The "public at large" yardstick - overly pessimistic?

Lord Wilson and Lord Mance provided a dissenting view, considering the Majority’s approach to be too narrow. They preferred a test which assessed identification from the perspective of the financial industry. In the author’s view such a test is more appropriate in the context of section 393 and, contrary to the opinion of the Majority, would be sufficiently workable. Moreover, it more adequately balances the due process interests of the third party against the practical difficulties faced by the FCA.

Whilst the issue of prejudice—the second limb of section 393—did not fall to be considered in this appeal, its meaning and scope should have proved instructive to the Court. Whether the terms of a notice are prejudicial to an individual must be considered in the context of the financial services industry. FSMA represents the statutory framework through which that industry is regulated. Why then should the issue of identification be assessed from a different perspective?8 To do so would result in a disconnect between the two limbs of the statutory test.

Pragmatism and policy were clearly important factors in steering the Majority to a narrow interpretation of identification. In its view, any formulation which requires the FCA to assess identification against a class of people smaller than the "public at large" would be unworkable for lack of clarity: "it would be a matter of subjective assessment as to how wide a scope to give it". Lord Wilson disagreed. He proposed that the assessment should be made from the perspective of the sector in which the individual operated.

It is unclear why such an approach would be unworkable. In considering its obligations under section 393, the FCA could first appropriately categorise the sector in which the individual works, before assessing whether the Notice would have the effect of identifying him within that sector. Such a formulation, whilst not perfect, is not unworkable and would not be overly burdensome. The FCA has specialised supervisory teams with an intimate knowledge of most regulated sectors, which are capable of drawing on a body of data spanning the industry.

Use of extraneous information - impact of the Senate Report

In arriving at its view, the Majority considered the implications of any test which obliged the FCA to draw on information generally known only within the financial services industry. The example of the Senate Report appeared to play a hand in its conclusion. If the Senate Report was widely known across the industry, application of a more subjective test would have triggered third party rights. As a matter of policy, the Majority was understandably concerned that such an approach would present too substantial a burden on the FCA, requiring it to consider information across the Internet.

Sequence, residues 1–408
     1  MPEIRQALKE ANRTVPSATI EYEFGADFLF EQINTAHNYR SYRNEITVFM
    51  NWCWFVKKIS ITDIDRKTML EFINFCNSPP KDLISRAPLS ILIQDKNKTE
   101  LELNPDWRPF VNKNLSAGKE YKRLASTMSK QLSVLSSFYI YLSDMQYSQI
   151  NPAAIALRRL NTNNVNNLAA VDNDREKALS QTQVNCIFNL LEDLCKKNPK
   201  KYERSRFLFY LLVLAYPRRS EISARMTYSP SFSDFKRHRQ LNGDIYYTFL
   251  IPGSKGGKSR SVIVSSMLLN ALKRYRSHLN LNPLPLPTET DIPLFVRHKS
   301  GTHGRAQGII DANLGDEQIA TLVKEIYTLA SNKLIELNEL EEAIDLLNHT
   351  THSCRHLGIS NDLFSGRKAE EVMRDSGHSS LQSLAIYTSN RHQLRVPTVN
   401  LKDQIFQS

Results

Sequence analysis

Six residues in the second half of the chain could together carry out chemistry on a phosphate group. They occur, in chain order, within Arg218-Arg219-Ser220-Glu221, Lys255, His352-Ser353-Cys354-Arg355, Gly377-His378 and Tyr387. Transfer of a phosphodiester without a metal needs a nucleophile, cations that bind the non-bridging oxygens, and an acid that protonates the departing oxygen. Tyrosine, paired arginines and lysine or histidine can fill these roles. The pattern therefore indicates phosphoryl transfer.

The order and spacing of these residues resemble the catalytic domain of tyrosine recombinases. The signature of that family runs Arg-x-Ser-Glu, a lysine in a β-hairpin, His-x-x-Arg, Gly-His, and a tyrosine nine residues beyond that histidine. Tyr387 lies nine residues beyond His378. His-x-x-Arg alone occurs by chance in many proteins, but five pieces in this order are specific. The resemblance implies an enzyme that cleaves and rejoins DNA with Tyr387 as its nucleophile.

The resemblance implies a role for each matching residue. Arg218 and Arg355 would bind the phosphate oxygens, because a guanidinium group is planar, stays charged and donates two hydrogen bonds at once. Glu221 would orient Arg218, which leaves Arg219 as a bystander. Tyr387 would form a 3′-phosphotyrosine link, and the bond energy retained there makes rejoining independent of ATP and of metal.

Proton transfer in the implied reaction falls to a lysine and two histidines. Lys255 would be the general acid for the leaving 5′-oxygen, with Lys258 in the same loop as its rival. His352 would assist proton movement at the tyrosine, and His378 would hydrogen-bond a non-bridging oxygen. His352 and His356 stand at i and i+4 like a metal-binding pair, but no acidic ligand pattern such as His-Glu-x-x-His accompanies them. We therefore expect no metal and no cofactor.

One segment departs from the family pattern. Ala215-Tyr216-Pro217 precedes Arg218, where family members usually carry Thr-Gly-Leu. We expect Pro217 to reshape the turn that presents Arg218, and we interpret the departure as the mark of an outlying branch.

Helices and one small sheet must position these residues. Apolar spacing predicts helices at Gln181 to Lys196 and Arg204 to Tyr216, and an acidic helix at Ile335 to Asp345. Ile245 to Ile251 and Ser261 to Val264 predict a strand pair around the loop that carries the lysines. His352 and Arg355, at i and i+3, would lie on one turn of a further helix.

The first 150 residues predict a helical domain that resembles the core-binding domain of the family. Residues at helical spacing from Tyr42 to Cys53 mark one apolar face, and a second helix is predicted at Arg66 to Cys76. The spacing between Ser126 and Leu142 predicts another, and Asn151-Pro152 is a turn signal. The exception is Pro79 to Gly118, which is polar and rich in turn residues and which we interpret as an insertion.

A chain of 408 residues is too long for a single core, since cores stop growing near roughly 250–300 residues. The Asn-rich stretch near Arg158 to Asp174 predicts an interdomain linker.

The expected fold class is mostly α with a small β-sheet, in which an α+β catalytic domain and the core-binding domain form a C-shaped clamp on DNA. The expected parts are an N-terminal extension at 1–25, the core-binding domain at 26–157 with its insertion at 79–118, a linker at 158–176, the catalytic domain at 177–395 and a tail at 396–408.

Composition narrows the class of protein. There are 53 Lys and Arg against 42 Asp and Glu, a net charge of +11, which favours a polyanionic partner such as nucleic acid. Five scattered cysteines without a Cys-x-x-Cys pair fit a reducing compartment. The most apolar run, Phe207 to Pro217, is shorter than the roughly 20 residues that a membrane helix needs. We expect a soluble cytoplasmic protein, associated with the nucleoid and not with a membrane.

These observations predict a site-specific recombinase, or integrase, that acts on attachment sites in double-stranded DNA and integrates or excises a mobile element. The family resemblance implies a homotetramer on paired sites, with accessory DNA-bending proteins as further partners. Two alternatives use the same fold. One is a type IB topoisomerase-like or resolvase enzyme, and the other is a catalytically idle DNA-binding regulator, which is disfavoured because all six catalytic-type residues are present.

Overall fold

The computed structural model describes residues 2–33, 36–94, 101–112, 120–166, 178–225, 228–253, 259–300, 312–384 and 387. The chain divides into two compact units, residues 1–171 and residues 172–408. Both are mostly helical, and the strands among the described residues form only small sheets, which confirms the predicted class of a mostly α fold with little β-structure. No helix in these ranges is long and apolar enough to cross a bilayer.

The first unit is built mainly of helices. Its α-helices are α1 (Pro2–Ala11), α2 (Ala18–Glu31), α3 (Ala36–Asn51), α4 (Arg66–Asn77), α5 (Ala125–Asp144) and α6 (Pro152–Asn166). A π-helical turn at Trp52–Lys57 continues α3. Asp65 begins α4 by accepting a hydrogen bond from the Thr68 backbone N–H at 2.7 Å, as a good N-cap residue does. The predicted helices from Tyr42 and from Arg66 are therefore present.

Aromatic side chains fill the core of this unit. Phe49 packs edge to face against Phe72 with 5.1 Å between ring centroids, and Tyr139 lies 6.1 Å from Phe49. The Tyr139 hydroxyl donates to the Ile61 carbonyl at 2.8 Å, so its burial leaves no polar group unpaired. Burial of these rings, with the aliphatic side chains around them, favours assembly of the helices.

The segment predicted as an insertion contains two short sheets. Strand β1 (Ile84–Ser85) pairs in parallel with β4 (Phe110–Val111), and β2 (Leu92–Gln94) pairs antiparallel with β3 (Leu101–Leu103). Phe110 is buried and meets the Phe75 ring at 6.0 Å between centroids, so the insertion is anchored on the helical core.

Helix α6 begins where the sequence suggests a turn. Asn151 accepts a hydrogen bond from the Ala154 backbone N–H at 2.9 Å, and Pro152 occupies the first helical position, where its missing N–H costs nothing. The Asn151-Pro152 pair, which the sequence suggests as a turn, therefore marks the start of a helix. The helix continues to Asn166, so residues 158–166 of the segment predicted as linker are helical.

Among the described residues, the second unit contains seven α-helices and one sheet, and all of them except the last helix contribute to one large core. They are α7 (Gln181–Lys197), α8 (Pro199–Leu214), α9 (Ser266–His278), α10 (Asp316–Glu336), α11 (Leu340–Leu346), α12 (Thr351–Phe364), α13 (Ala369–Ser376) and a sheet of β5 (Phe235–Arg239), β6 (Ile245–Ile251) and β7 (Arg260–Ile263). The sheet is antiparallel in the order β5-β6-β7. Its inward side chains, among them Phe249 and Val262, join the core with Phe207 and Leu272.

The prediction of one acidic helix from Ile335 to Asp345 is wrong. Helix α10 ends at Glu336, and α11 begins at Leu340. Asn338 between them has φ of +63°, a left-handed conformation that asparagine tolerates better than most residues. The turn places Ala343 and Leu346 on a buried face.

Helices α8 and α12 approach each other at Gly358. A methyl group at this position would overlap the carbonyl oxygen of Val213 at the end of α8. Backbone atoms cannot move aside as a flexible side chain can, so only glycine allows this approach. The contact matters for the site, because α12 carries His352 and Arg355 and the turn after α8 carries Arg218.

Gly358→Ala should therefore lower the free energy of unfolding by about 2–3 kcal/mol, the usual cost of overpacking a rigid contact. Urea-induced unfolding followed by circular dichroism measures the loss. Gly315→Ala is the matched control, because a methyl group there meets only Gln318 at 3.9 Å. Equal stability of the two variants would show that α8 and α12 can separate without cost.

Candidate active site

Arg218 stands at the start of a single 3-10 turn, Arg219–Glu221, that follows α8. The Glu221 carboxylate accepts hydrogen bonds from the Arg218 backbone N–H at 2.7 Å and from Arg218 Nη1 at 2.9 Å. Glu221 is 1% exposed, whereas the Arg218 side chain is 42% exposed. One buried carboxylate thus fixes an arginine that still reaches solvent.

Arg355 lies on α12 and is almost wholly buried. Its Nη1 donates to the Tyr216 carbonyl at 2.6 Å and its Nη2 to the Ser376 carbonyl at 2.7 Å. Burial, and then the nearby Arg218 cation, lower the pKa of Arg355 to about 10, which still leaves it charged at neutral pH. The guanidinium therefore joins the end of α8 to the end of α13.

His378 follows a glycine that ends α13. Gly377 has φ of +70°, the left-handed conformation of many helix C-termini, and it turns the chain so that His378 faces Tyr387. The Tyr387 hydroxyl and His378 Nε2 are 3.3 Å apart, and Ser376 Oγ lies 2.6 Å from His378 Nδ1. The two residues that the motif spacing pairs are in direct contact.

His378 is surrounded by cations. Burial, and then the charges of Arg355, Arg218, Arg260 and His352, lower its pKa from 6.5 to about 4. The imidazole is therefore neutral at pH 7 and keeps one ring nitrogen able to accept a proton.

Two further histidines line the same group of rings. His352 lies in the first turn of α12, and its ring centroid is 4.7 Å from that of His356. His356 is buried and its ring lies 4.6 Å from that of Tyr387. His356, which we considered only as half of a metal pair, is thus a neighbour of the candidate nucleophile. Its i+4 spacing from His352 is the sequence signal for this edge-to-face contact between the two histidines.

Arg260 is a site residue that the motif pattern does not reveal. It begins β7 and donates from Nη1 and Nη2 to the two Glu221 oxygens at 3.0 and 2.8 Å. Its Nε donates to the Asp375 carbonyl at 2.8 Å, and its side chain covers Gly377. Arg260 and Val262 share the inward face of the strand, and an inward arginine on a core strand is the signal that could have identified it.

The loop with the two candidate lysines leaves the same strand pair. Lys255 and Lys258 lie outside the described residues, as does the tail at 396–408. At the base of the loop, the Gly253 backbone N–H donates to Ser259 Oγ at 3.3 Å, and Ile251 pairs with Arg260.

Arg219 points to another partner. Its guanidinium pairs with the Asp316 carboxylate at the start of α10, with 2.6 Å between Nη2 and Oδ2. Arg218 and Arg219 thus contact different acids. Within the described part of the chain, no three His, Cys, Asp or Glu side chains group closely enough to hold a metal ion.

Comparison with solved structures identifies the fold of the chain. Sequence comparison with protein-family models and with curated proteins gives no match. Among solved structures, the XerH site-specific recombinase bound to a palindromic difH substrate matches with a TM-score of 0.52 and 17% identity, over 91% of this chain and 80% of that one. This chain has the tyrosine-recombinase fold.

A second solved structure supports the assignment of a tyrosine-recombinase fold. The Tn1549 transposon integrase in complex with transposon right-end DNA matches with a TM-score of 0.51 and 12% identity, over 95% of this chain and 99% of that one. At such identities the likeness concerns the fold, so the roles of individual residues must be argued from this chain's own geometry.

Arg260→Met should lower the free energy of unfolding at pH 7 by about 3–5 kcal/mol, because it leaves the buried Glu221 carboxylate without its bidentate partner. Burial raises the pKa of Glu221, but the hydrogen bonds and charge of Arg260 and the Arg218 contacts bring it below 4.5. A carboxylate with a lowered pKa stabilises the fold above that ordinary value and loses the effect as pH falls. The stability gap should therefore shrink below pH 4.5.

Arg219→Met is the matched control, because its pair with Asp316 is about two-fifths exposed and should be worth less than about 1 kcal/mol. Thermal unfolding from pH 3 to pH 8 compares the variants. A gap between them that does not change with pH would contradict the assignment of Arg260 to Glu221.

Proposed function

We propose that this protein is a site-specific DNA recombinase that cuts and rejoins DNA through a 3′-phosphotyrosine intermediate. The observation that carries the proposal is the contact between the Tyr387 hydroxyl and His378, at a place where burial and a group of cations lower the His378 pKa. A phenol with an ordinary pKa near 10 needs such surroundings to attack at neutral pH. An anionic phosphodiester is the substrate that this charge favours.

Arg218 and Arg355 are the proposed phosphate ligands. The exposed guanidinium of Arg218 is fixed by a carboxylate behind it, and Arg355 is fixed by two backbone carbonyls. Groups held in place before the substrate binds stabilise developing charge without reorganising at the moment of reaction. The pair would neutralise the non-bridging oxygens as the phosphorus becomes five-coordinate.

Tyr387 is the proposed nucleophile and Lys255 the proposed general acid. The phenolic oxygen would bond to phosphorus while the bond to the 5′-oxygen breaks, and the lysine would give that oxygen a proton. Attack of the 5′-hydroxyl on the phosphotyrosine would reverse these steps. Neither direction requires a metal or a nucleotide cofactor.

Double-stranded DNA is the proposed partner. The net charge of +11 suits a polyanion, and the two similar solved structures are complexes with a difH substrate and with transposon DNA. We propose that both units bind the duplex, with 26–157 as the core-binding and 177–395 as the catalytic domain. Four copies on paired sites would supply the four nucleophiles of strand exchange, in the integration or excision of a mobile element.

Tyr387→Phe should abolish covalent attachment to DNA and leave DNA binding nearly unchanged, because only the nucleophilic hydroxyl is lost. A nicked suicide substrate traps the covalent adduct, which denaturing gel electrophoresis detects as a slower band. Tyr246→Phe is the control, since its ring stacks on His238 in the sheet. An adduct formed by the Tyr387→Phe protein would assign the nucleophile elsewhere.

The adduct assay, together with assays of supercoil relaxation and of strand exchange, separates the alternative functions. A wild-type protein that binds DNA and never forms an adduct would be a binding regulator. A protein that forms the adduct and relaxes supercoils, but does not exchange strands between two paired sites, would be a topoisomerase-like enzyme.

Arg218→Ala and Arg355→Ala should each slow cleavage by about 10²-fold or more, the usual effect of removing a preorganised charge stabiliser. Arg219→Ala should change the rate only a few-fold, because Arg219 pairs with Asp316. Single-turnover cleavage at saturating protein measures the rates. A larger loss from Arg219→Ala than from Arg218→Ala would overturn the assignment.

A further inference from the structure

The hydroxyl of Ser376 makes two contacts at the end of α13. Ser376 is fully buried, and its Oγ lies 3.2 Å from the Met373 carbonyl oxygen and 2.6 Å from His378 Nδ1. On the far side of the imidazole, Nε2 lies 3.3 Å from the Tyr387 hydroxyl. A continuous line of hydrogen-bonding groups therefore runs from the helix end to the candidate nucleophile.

One wonders whether the impact of the specific implications of the Senate Report should have influenced the Majority view. On the present facts, would reliance on the Senate Report to prove identification not negate a claim of prejudice? The Senate Report is itself prejudicial, connecting Mr. Macris with the substantial losses incurred and thereby implying failures of management and oversight. If the Senate Report was so widely accessible such as to facilitate Mr. Macris’ identification, has not the damage already been done?

Future of third party rights

The Majority judgment was clearly policy-driven. An alternative approach, whilst difficult to formulate, was not unachievable. The application of a more subjective test, as approved by the Minority of the Court, would have required the FCA to exercise a finer judgment. However, the resulting margin of ambiguity represented a modest price when compared with the cost now tolled on the due process rights of third party individuals.

Since the decision, Mark Steward, head of the FCA’s Enforcement Division, has said that the FCA should seek to avoid reliance on third party rights by striving to have actions against firms run in parallel with those against individuals.9 This way, notices against implicated individuals would be released concurrently with those for the firm. This is a welcome aim which may partly address the concern that there is inadequate due process for third parties following the Macris judgment. However, it also may prove ambitious. Firms have traditionally been more inclined to settle enforcement actions, and want to do so promptly. Furthermore, it is typically more difficult to conduct a robust assessment of liability for an individual, compared with firms. Generally, the FCA need not pinpoint which individuals are responsible (or how) in order to present a persuasive case against a corporate. In any event, it seems that the FCA’s change in practice may curiously address the concerns of individuals.